Christ's Exaltation, Part 3
Christ’s Exaltation: Part 3, 3.8.20
The Lord be with you, church family. I am so excited to be here with you this morning. My excitement centers on Jesus Christ. Amen? He tells us that he will build his church and that the gates of hades shall not prevail against his church. What great hope we have in Jesus, dear friend. Trust him. Love him. Give him your all.
This morning we will again be wading through another theologically weighty passage. This part in Philippians is one of the weightiest passages in the entire NT. We are going to conclude this week our discussion of Christ’s exaltation. This is the third and final installment of this topic.
As we wade through this material, I want you to know that if you ever have a question about my sermon, I would love to talk with you about. Please come ask me if you have any questions about what I say. If you need any clarification, I would love to try to offer that to you. Also, if there is something going on in your life that you would like to pray about with me, I would love to do that. My heart for this church, for you is that Christ would be formed in you. If there is any way I can help you, dear brother or sister, please let me know. I would love to have the opportunity to help you love Christ more.
Also, young theologians, I want you to know that if you ever have any questions about my sermons, about the Bible, or about theology, I want you to know that I would love to talk with you as well. If I say something during the sermon that you don’t understand, make sure you write it down on your sermon notes so that you can ask me later. I would love to talk with you.
Let’s go ahead and open to Phil 2:9. Our passage this morning is vv. 10–11 but to get an understanding of the passage as a whole, let’s start in 2:9 and read through 2:11. We will read Phil 2:9–11. Our passage this morning will run through v. 11. Paul writes this,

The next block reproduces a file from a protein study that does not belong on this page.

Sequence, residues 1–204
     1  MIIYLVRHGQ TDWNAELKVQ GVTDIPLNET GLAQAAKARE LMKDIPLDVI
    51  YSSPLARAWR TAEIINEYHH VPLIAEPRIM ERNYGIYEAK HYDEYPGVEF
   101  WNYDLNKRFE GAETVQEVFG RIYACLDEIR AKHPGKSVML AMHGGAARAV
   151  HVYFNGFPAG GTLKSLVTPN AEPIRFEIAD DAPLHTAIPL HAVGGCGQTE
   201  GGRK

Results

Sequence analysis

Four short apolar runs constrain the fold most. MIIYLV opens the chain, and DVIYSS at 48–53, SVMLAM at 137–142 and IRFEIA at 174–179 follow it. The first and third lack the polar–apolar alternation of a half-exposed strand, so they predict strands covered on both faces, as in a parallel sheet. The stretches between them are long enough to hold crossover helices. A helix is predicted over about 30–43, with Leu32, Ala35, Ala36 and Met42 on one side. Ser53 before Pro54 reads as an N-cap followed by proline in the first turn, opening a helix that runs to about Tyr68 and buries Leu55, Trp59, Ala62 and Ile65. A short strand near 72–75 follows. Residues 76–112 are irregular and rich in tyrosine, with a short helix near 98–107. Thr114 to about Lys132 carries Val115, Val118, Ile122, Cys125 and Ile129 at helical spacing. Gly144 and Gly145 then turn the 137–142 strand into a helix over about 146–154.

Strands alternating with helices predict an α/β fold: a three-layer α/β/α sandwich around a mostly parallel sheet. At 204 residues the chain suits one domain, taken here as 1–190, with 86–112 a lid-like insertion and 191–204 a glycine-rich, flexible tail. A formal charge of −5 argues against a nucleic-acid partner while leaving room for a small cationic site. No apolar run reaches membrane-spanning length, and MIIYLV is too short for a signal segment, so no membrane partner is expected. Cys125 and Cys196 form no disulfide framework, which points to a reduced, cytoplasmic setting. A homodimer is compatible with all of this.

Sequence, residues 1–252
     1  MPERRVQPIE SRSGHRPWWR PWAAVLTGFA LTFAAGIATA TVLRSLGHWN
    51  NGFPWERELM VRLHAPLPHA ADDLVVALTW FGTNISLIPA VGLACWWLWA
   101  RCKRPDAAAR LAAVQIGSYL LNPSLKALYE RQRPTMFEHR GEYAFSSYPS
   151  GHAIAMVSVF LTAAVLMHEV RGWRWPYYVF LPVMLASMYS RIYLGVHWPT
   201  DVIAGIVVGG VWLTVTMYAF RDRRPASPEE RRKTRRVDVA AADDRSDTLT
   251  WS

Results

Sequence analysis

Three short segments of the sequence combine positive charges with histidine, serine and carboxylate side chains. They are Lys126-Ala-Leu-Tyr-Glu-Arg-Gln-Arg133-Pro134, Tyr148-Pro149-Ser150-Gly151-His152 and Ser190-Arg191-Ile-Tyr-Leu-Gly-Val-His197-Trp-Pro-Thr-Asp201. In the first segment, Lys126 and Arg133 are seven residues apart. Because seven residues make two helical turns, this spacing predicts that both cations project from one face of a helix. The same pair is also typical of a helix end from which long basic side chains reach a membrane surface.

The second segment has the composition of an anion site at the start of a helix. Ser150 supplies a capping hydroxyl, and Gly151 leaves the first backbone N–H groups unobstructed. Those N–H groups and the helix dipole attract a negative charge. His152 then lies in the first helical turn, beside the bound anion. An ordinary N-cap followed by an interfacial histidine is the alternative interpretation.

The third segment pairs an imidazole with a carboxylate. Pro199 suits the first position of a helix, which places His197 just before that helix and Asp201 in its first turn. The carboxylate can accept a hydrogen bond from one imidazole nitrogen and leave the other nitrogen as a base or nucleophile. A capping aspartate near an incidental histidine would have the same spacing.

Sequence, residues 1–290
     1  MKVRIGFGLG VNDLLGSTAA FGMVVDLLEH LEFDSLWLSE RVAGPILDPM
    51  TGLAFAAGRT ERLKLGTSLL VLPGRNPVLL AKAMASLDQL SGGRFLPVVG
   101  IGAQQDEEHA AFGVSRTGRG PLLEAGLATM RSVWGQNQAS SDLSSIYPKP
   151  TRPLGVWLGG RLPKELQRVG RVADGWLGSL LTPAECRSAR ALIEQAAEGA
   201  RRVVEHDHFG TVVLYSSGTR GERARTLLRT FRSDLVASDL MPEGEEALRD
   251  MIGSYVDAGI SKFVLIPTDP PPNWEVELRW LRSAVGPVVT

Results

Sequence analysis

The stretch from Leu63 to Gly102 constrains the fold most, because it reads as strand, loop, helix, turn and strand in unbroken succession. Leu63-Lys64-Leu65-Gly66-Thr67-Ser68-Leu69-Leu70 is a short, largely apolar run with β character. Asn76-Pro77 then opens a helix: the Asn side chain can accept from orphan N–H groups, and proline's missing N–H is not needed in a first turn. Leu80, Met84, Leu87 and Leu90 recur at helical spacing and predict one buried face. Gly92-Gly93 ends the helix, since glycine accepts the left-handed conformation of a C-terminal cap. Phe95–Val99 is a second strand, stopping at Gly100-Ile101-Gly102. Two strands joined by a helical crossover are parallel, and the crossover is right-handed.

Therefore God has highly exalted him and bestowed on him the name that is above every name, so that at the name of Jesus every knee should bow, in heaven and on earth and under the earth, and every tongue confess that Jesus Christ is Lord, to the glory of God the Father.
The Result of Christ’s Exaltation
For this first point this morning, we will explore the result of Christ’s exaltation. That is our first point this morning: the result of Christ’s exaltation. I get this point from the first two words found in v. 10.
With these two words, “so that,” Paul is providing us with the result of what happened in v. 9. Verse 9, read it with me, says,
Therefore God has highly exalted him and bestowed on him the name that is above every name
We explored this passage last week. In v. 10, Paul provides the result of v. 9. So, what is the result of God the Father highly exalting Jesus and bestowing upon him the reputation that is above every reputation? The result is indicated by the “so that.” God the Father exalted the Son so that, with the result that “at the name of Jesus every knee should bow, in heaven and on earth and under the earth, and every tongue confess that Jesus Christ is Lord.”
This result clause, this “so that” clause starts at the beginning of v. 10 and proceeds into v. 11. The “so that” clause stops before the “to the glory of God the Father.” That prepositional phrase that Paul ends v. 11 with, “to the glory of God the Father,” will be what we explore in our second point. So Paul is proving for us the result of the Father’s exaltation.
In order for us to understand this result clause, the “so that,” we must look at a certain passage in the book of Isaiah. Turn with me to Isaiah 45:23. The passage reads,
By myself I have sworn, from my mouth has gone out in righteousness a word that shall not return: ‘To me every knee shall bow, every tongue shall swear allegiance.
At first glance, you can see the thematic similarity between this Isaiah passage and our Philippians passage. Specifically, notice what is said at the at the end of v. 23 is nearly the same as what Paul says in our Philippians passage. The difference between the passages is the agent to whom the bowing of the knee and the confessing of allegiance is directed towards.
In this Isaiah passage, to whom is the kneeling and confessing directed towards? In Isaiah 45:23 the entity that who will be recognized as Lord is YHWH. Verse 23 is a quote from the God of Israel. This is a direct quote. It is he that is talking. The “me” at the end of v. 23 is YHWH. Look at Isaiah 45:18, just a few verses before this passage in 23.
In v. 18 is where God begins his discussion of his absolute sovereignty. The passage beings by saying,
For thus says the LORD
Notice here how the word “Lord” is capitalized. Most of the time in English translations, the translators capitalize the word “Lord” when the Hebrew OT uses the name of God. I touched upon this last week but I think it is so important that I want to explain it again.